WT2 40-channel handheld appears to 
be identical to the Harvard, and the 
Tandy Realistic 1001 also uses the 
same battery complement. Possibly 
other portables such as the DNT and 
Alba are similarly powered, so this 
charger design may prove useful to 
many readers. 


RECHARGEABLE NI-CADS 

A few facts about the ni-cad cells 
themselves may be of interest before 
continuing. Most readers will prob¬ 
ably be aware that these are avail¬ 
able as direct replacements for the 
comrtion sizes of 1-5V dry cell, and 
that they can be recharged up to 
1,000 times. 

In general they should be charged 
by a constant current, the value of 
which is normally quoted as being 
about a tenth of the cell’s capacity 
in ampere-hours (Ah). The AA size 
has a capacity of 0-5 Ah so the 
charge rate should be around 50mA. 
It is also stated that they cannot be 
damaged by long term continuous 
overcharging at this rate, however, 
it cannot be seen to do them much 
good either. 

Since the cell voltage rises quite 
steeply when the fully charged con¬ 
dition is reached, it is a fairly simple 
matter to detect this and reduce the 
charge rate accordingly. An advan¬ 
tage of this type of charger is that 
the battery can be connected at any 
time for “topping-up”, regardless of 
it’s initial state of charge. 

It is unwise to let batteries of 
ni-cad cells become completely ex¬ 
hausted as one cell will inevitably 
run down before the others, which 
then “reverse-charge” the flat cell 
and cause permanent damage to it. 
So topping-up whenever the equip¬ 
ment is not in use will greatly reduce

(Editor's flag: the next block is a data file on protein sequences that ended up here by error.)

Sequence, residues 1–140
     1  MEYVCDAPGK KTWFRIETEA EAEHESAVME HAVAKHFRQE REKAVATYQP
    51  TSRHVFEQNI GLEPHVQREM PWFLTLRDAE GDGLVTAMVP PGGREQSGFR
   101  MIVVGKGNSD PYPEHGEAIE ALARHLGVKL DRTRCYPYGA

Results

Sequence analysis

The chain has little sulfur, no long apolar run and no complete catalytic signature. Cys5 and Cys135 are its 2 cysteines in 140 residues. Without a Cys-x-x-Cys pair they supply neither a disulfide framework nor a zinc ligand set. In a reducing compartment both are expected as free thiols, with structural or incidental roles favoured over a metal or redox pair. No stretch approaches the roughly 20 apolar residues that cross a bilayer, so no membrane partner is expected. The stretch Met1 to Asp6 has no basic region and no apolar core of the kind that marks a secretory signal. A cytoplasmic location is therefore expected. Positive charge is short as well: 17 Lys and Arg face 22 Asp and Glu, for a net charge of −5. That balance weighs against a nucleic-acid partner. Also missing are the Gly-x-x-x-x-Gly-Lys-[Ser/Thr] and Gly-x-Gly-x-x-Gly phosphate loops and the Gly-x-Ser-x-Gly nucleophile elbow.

the risk of this occurring. 


CIRCUIT DESCRIPTION 

Fig. 1 shows the complete circuit 
of the CB - Battery Charger. Trans¬ 
former Tl, bridge rectifier D1 to D4 


Fig. 1. Circuit diagram of the CB Battery Charger. 



568 


Everyday Electronics, September 1982 





































and capacitor Cl provide a smoothed 
d.c. supply of about 20V. The circuit 
has to charge the battery on a fixed 
current until a pre-set full-charge 
voltage is reached and then, maintain 
this voltage by reducing the current. 

The LM723 regulator i.c. was 
chosen for the circuit as -it contains 
a stable reference voltage source and 
an amplifier for comparing this 
reference with the battery voltage. 
The reference voltage of about TV 
appears at pin 6 and any noise 
present is decoupled by C2 before 
it is connected to the non-inverting 
amplifier input on pin 5. The inver¬ 
ting amplifier input, pin 4, is con¬ 
nected to the potential divider R4, 
R5 and VR1 placed across the cir¬ 
cuit’s output. 

The chip also has provision for cur¬ 
rent limiting, but the operation of 
this is not really sharp enough for 
the present purpose so a constant 
current generator circuit based on 
TR1 and TR3 has been incorporated. 

The action of this configuration is 
quite simple. A silicon transistor 
begins to conduct when it’s base-to- 
emitter voltage exceeds about 0-6V. 
The bias current supplied by TR2 to 
TR3 causes TR3 to conduct until the 
voltage across R6 reaches 0-6V, at 
which point TR1 starts to conduct 
away surplus bias current to pro¬ 
gressively limit the conduction of 
TR3. Thus the current through TR3 
can be calculated from Ohm’s law as 
being 0-6V/R6, and it will remain 
virtually constant regardless of load 
and voltage conditions. 


So provided the voltage fed back 
from the output potential divider is 
lower than the reference voltage, the 
output of IC1 will be fully positive, 
causing TR2 to supply about 10mA 
of bias to the constant current 
generator. This bias passes through 
the l.e.d. D2 which indicates that 
charging is in. progress. 

Once the feedback voltage reaches 
the reference value however, the 
drive to TR2, and hence the bias is 
rapidly reduced, so the output cur¬ 
rent drops to a value just sufficient 
to maintain the output voltage at the 
desired level and the l.e.cL virtually 
extinguishes, indicating that charging 
is complete. 



CIRCUIT BOARD 

Construction, using the simple 
p.c.b. shown in Fig. 2 is quite straight¬ 
forward. This diagram also shows the 
layout of all components. It’s a sen¬ 
sible precaution to mount the trans¬ 
former Tl, D1-D4 and Cl first, and 
then to carefully apply power and 
check that the voltage across Cl is 
around 20 to 25V d.c. Remember that 


COMPONENTS 


Resistors 
R1 22kO